Reported cases of measles worldwide have tripled in the last year, putting children under severe risk, the World Health Organization (WHO) said on Monday.
In the first four months of this year, 112,163 measles cases were reported. In comparison last year, during the same period 28,124 cases were reported.
Sustained outbreaks have been reported from all regions of the world, with many countries confirming spiraling cases of measles. But poor regions remain worst affected, African countries witnessed the most dramatic rise of nearly 700 percent, the data released by the UN agency said.
The European region is witnessing a 300 percent, the Eastern Mediterranean 100 percent, Americas 60 percent, and Southeast Asia and the Western Pacific 40 percent rise in measles cases.
“While this data is provisional and not yet complete, it indicates a clear trend,” WHO said. Officials pointed out, less than one in ten cases are reported globally, with variations by region.
“The actual numbers of cases – captured in global estimates – will also be considerably higher than those reported,” the report said.
Current outbreaks happened in the Democratic Republic of the Congo, Ethiopia, Georgia, Kazakhstan, Kyrgyzstan, Madagascar, Myanmar, the Philippines, Sudan, Thailand, and Ukraine, causing many deaths – mostly among young children.
But the sudden rise in cases also occurred in countries with high vaccination coverage, including the U.S., Israel, Thailand, and Tunisia. In these countries, the disease has spread fast among clusters of unvaccinated people.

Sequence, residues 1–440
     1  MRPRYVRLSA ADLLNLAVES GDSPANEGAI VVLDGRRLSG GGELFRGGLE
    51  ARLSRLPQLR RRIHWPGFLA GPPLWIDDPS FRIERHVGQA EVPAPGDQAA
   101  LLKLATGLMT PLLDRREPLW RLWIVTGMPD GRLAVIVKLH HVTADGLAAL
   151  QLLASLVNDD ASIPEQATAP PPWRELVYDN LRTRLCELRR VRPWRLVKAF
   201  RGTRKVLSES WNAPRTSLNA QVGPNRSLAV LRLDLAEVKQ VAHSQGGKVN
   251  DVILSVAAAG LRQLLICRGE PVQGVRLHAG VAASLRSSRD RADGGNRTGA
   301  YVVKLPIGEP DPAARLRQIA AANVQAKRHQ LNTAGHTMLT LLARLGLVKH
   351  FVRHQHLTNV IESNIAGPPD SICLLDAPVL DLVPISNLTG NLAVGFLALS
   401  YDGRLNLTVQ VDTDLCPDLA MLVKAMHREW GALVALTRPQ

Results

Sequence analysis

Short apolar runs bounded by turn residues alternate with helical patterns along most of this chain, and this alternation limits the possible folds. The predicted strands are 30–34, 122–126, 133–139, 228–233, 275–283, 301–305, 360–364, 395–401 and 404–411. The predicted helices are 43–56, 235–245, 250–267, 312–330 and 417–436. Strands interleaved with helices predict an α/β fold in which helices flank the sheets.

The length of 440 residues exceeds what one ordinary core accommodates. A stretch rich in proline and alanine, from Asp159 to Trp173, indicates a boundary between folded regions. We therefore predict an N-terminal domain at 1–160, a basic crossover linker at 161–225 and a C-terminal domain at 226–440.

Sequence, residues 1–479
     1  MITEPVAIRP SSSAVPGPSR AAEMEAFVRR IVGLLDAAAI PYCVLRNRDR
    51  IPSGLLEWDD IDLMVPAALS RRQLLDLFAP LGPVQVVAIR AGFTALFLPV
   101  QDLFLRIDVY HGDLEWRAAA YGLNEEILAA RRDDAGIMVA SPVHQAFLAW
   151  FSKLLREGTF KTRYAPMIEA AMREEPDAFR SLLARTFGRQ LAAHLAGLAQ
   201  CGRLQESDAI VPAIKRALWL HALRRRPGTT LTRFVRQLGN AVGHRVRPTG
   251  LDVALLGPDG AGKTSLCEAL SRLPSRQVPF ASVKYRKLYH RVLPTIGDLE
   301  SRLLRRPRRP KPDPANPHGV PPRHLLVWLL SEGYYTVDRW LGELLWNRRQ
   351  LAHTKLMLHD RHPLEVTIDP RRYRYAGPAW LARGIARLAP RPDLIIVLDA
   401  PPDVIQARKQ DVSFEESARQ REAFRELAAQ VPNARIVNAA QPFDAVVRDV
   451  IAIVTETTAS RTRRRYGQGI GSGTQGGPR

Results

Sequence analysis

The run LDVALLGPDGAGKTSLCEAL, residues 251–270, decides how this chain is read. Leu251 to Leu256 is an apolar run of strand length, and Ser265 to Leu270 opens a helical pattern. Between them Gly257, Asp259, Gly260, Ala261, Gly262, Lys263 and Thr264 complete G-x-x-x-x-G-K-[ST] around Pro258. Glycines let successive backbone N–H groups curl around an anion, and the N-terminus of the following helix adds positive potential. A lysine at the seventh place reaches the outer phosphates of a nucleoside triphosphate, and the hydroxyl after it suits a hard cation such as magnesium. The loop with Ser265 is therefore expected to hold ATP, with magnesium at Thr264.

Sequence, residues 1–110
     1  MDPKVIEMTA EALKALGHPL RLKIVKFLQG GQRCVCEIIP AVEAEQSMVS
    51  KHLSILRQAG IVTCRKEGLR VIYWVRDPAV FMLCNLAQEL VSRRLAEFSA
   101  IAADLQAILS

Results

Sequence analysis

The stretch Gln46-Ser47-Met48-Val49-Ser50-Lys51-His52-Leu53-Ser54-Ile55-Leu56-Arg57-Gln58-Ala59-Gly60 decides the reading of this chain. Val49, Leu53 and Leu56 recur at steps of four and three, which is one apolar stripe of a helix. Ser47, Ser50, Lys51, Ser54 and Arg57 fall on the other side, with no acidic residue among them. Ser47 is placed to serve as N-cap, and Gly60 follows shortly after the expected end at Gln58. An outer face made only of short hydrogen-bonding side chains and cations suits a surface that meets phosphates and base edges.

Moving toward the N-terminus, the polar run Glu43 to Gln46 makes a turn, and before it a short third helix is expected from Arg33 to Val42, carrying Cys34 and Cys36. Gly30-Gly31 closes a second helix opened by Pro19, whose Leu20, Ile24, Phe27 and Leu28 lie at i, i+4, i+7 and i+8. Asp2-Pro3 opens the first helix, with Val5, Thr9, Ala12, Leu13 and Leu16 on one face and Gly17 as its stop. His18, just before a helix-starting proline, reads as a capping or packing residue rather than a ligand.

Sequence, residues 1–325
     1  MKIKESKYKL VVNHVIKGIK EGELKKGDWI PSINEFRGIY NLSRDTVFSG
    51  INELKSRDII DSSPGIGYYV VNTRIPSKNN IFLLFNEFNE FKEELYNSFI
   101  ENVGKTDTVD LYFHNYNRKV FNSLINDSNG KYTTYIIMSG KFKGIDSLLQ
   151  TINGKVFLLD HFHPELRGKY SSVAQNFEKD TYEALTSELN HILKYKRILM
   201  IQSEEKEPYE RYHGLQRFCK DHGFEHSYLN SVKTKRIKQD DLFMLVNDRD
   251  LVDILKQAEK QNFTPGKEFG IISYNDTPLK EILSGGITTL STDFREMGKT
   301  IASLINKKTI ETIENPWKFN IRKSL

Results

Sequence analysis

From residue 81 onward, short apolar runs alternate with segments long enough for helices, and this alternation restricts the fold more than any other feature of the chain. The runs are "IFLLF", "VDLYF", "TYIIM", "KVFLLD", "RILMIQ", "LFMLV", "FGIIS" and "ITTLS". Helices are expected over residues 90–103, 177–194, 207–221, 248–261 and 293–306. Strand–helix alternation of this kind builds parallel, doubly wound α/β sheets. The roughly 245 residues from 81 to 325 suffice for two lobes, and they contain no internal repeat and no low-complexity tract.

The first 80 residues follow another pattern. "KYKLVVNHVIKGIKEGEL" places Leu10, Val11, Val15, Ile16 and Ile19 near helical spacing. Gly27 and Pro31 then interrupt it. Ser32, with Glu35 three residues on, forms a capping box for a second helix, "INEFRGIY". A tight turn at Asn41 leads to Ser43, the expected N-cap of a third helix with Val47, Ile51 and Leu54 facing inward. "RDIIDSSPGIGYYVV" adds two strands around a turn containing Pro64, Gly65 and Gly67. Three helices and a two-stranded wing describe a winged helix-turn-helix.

“Even in high-income countries, complications result in hospitalization in up to a quarter of cases, and can lead to lifelong disability, from brain damage and blindness to hearing loss,” it warned.
In 2017, the most recent year for which estimates are available, it caused close to 110,000 deaths. Health experts blame the anti-vaccine movement, poverty, and weak policies for the sudden rise in measles cases.
While social media platforms like Facebook assured action against anti-vaccine posts, governments are being urged to include the second dose of measles, mumps, and Rubella (MMR) during immunization drives.
Coverage of the second vaccine dose needs to increase globally, to maximize a population’s protection against the disease.
“Today, 25 countries still need to make the second dose part of their essential immunization program,” the WHO statement added.